In addition to the Minnesota data, recently published preliminary data from the Centers for Medicare and Medicaid Services (CMS) show promising results from Medicare Part D MTM programs in 2010.5 Results showed that patients with chronic obstructive pulmonary disease (COPD) and heart failure had an improvement in medication quality and reduced costs after receiving a comprehensive medication review. Improved medication quality included better adherence, increased use of generics, decreased duplications of therapy, and discontinuation of high-risk medications. All cost hospital savings were $62 and $82 per member per month for patients with COPD and heart failure, respectively.

There are currently no published trials of the clinical and economic impact of CMM in patients with mental illnesses. However some pilot programs are underway to evaluate the effects of medication management in this population.

In 2011, Merit Medication Consultants, a pharmacist-owned medication management private practice, received a grant from the Montana Mental Health Settlement Trust to provide CMM for people with mental illnesses. One hundred and fifty-five patients have completed 256 visits. The most common psychiatric conditions evaluated were depression, insomnia, anxiety disorders, and bipolar disorder. Estimated cost savings per patient was estimated to be $586 for a return on investment of 3.1 to 1 based on the data collected. In contrast to the previous reports, the most common drug therapy problems identified were adherence, adverse reactions, and unnecessary medications. Most of the estimated cost savings was due to a reduction in drug expenditures as it was not possible to obtain data on avoidance of ED visits or hospitalizations. Cost savings are likely underestimated because of this. An improvement in clinical status was reported in 55% of patient conditions, consistent with previous reports. A patient survey found that 93% of patients reported that the service was extremely or very helpful and 93% would recommend it to friends or family (IRB exempted, data on file). Publication of the full results of this retrospective evaluation is pending.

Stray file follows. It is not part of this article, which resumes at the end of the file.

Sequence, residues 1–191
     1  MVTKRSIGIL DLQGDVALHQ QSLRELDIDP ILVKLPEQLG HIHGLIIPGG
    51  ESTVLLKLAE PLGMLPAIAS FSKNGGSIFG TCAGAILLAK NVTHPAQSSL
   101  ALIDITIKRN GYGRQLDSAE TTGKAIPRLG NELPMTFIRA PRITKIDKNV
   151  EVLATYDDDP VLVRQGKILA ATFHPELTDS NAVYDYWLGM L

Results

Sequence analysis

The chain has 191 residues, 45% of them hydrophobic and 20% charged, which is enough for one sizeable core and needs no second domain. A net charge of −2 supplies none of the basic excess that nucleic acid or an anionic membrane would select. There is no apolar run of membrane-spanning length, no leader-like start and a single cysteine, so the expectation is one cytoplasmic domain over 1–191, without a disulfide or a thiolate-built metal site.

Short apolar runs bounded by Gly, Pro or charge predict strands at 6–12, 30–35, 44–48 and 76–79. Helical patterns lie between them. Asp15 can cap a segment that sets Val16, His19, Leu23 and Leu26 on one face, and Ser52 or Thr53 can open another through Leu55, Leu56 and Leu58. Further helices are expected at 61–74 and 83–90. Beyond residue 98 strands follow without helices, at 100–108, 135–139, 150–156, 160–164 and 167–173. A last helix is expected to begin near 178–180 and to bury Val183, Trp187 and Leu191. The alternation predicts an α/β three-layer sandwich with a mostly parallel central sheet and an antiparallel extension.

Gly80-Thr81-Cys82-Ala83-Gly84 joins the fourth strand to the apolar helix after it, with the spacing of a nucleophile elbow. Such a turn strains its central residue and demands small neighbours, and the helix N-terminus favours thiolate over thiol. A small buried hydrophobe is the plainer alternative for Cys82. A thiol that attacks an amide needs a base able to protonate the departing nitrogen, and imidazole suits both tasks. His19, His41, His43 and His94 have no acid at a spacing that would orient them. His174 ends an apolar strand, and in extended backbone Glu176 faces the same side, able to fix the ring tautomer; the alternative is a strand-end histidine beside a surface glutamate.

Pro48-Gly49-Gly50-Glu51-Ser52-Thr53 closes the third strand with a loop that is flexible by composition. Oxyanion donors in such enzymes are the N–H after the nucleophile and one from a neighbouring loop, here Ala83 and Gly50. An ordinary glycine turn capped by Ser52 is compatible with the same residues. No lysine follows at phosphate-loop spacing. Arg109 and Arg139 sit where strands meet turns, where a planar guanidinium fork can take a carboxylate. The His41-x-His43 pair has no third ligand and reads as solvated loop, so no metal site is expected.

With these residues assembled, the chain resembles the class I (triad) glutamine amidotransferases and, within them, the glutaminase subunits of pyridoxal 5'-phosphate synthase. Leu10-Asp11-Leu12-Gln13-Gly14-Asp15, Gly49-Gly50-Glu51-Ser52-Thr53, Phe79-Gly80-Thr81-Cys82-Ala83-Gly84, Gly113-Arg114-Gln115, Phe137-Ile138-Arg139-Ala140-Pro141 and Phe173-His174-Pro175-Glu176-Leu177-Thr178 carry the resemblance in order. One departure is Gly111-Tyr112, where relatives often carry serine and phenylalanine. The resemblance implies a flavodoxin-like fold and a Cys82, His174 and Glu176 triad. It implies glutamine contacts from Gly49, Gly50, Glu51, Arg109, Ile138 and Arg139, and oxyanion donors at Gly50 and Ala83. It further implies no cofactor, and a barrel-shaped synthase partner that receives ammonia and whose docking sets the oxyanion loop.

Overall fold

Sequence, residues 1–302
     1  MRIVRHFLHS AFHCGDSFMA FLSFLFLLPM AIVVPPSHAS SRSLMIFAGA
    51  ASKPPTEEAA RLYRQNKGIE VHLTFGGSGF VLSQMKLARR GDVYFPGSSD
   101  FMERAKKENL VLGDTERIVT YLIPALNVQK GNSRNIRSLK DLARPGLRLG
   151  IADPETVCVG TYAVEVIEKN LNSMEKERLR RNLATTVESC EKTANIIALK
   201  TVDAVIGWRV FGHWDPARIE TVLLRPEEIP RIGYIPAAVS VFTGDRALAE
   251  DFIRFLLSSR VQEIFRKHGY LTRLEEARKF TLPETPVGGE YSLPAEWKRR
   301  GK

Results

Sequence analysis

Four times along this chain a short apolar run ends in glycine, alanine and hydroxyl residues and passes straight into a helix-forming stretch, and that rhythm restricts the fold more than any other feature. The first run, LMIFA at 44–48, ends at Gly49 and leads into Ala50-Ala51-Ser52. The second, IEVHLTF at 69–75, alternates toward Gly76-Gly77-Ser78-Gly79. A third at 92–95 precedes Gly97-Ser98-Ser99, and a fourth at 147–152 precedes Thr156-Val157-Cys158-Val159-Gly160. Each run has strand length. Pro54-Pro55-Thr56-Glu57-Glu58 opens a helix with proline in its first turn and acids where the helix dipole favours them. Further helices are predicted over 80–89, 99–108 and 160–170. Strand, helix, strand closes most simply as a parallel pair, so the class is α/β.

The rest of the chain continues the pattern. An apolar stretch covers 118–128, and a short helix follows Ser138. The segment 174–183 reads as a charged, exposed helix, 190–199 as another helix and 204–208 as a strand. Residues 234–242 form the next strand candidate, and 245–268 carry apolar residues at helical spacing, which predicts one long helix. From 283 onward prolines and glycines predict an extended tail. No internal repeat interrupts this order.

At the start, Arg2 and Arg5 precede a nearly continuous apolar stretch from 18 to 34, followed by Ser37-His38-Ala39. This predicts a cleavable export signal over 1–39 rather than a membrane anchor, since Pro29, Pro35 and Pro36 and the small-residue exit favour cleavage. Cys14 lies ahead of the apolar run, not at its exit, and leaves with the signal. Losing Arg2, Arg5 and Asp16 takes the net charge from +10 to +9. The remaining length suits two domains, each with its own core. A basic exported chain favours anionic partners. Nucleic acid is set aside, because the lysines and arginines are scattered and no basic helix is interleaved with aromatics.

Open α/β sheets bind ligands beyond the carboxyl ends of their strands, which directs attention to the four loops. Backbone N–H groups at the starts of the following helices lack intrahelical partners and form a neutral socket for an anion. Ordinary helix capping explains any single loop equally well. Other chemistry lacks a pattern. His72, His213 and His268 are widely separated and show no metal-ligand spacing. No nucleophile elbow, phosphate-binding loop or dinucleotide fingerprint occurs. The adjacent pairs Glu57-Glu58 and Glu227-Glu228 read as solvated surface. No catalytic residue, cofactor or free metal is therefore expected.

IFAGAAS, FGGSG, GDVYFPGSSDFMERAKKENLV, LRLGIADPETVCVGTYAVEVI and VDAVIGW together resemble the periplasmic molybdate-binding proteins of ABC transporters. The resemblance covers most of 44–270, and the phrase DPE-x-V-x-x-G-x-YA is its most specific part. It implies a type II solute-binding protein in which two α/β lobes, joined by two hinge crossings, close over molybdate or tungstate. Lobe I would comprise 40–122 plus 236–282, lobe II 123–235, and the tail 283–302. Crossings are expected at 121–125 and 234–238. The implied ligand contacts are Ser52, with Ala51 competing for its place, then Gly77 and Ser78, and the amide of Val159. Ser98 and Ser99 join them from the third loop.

This data provides evidence that patients can benefit from CMM and that health-systems can achieve cost savings. What can be done to expand the service to those who could so greatly benefit?